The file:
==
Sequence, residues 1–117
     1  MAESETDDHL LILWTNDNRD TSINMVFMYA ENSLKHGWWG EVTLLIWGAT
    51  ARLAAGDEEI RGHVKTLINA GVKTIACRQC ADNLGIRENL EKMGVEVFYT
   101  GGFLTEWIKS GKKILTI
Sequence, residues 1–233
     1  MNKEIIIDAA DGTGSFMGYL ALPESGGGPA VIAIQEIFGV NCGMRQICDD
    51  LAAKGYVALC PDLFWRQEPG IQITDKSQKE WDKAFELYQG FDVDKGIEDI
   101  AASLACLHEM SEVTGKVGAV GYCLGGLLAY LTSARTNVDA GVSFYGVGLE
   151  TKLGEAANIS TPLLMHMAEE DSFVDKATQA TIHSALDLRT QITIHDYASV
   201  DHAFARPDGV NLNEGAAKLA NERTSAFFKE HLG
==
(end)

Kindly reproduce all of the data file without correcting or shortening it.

Sequence, residues 1–117
     1  MAESETDDHL LILWTNDNRD TSINMVFMYA ENSLKHGWWG EVTLLIWGAT
    51  ARLAAGDEEI RGHVKTLINA GVKTIACRQC ADNLGIRENL EKMGVEVFYT
   101  GGFLTEWIKS GKKILTI
Sequence, residues 1–233
     1  MNKEIIIDAA DGTGSFMGYL ALPESGGGPA VIAIQEIFGV NCGMRQICDD
    51  LAAKGYVALC PDLFWRQEPG IQITDKSQKE WDKAFELYQG FDVDKGIEDI
   101  AASLACLHEM SEVTGKVGAV GYCLGGLLAY LTSARTNVDA GVSFYGVGLE
   151  TKLGEAANIS TPLLMHMAEE DSFVDKATQA TIHSALDLRT QITIHDYASV
   201  DHAFARPDGV NLNEGAAKLA NERTSAFFKE HLG